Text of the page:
Cinnamon Rolls

What’s the difference between yeast dough and a question? The first one rises; the second, arises. What do they have in common? They both yield surprising results.

I love making my own bread; in the bread machine. It’s easy, I do not get my hands dirty, and it’s almost foolproof. When my son came back from spending 10 days at his grandmother’s house with raved reviews on her cinnamon rolls, the first question arose in my mind: how hard can it be? I mixed the ingredients, determined to make the sticky delights from scratch and show them off at breakfast. Isn’t simple happiness sharing the first meal of the day with someone you love eating something he loves that was made for him with love?

As the dough rose I pondered that the baking process was very much like my quest for inner peace: you go in with a recipe, usually someone else’s, full of hope and expectations. When everything goes according to plan, you feel confident and in control; you show off your skills. You even think it’s fun. You forget that you’re a party to a show much bigger than yourself. After all, the dough knows what to do. It is not through my personal magic that the gluten reacted to the warm motion of my hands. It’s happened many times before and will happen again and again with fingers much more or less gifted than mine. It is all part of a miracle called life. That’s when my next question arose: if I’m not in control of the process, if there are no guarantees that inner peace will ever be mine, what is the point in even trying?

Time to turn my attention back to the rolls. I pressed my finger in the dough and it deflated in a flash. I grabbed the rolling pin and produced a smooth rectangle that I sprinkled with sugar and cinnamon. I rolled, cut, sighed with pleasure, and put the whole thing in a warm place to rise again. The hidden bonus –or downside- of baking is that you get some time to rest alongside the dough. Time to get lost in your thoughts or distracted by the goings of life in general.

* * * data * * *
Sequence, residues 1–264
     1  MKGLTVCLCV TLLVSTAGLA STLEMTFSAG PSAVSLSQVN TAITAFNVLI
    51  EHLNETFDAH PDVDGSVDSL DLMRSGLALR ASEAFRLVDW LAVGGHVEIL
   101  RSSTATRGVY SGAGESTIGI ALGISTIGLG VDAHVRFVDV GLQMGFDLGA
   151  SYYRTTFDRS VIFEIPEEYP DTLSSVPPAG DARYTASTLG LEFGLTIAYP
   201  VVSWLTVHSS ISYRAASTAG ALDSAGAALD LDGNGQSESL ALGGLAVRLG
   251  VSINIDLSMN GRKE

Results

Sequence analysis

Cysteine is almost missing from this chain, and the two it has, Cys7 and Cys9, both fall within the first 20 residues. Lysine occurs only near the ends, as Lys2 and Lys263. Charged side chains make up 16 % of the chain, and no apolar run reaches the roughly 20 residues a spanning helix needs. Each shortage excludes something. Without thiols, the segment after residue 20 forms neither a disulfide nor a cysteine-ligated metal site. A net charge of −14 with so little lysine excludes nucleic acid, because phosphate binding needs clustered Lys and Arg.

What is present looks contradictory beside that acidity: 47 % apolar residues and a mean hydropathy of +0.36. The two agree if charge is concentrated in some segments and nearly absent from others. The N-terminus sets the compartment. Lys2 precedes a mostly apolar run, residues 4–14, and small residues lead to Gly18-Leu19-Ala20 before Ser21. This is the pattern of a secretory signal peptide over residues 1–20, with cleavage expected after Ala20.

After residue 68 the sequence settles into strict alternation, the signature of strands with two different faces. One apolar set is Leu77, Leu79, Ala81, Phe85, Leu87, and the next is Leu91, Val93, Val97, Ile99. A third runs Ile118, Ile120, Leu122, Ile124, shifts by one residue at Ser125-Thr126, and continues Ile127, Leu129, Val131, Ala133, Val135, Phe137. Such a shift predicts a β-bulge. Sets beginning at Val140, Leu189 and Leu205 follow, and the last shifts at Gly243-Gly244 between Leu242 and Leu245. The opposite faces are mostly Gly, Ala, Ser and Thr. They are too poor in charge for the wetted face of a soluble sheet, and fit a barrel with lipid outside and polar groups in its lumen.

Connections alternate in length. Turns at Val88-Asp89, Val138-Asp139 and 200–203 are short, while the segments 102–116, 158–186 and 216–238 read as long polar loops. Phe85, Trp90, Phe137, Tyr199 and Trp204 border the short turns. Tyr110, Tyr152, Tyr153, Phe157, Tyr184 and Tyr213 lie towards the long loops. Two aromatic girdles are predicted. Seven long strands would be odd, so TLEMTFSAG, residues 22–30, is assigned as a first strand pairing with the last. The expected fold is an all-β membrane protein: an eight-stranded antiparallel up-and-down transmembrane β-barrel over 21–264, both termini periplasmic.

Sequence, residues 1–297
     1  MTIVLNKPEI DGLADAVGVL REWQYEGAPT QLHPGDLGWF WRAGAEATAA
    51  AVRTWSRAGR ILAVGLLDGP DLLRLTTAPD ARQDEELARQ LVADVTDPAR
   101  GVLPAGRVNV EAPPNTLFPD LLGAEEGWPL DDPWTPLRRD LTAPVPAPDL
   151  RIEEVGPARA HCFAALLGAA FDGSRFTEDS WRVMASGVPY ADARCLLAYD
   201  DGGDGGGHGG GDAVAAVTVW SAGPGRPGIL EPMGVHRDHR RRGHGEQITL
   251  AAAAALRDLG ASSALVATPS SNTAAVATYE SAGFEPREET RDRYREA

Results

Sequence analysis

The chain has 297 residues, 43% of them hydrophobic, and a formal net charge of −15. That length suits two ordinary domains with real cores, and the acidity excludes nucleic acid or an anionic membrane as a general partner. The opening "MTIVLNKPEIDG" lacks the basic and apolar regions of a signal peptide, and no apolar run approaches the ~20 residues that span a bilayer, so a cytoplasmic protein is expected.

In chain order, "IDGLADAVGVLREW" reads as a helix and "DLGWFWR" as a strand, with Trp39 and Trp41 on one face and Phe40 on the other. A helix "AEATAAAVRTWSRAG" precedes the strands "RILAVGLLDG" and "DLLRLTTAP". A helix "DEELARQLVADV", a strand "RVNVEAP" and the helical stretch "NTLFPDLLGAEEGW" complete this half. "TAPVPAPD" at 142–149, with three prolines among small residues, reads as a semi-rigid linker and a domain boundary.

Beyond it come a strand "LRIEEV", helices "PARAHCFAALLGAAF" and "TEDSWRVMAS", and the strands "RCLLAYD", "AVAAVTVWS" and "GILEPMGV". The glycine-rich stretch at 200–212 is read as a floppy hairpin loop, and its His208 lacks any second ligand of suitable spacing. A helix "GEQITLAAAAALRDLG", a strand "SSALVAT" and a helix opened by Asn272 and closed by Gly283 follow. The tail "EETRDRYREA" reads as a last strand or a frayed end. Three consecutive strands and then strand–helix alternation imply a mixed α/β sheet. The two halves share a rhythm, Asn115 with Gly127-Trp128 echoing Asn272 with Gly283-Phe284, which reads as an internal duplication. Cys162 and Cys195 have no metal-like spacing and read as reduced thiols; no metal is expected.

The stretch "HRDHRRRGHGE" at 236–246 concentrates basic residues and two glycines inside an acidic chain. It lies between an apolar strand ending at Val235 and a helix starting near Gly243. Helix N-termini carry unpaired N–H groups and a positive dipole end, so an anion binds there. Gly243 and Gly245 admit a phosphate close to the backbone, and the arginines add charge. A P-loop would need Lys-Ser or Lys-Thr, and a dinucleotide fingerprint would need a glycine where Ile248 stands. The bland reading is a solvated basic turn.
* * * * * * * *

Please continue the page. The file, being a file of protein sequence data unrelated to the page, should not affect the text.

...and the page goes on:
What is the point in even trying? Finding joy and a sense of freedom in a life that you cannot control is a daunting task. There are no infallible recipes; there are no shortcuts. It takes time, faith in the process, and the willingness to get one’s hands dirty. So why even bother? Because, like baking cinnamon rolls, it’s the labor of love. Love for oneself, love for others, love for life. Because turning one’s back on the questions that arise is like puncturing that ball of dough and forgetting it on the counter to dry. It is forgetting that life is a gift and that, like yeast and water whisked together become terrain for growth, an inquisitive mind combined with an open heart lead the way to unimaginable discoveries. Questions yield amazing results when one accepts that they may not lie in the answers.

I hummed with satisfaction when I poured the yummy icing on my beautiful cinnamon rolls but it was my whole being that sang with joy as my son started eating the food he loved made with love by someone who loves him.

 

3 thoughts on “Cinnamon Rolls

  1. Happy New Year!

    I’m happy to have visited your blog.

    This post is inspiring. You drew me in with those first two questions. And I was riveted from then on. To share the experience with my readers, I will include your blog on both my blog rolls – Talkin’ Kids and About Moe Daily.

    Thank you for tweeting me.

    I will follow you on Twitter and I’ll return here often.

    Also…
    I opened the tab entitled “En francais” and it gave my old ‘high school French’ quite a workout. As much as I love the French lingo, I think I’m stuck with English.

    Best Wishes in 2010!
    Diane

Leave a Reply

Fill in your details below or click an icon to log in:

WordPress.com Logo

You are commenting using your WordPress.com account. Log Out / Change )

Twitter picture

You are commenting using your Twitter account. Log Out / Change )

Facebook photo

You are commenting using your Facebook account. Log Out / Change )

Google+ photo

You are commenting using your Google+ account. Log Out / Change )

Connecting to %s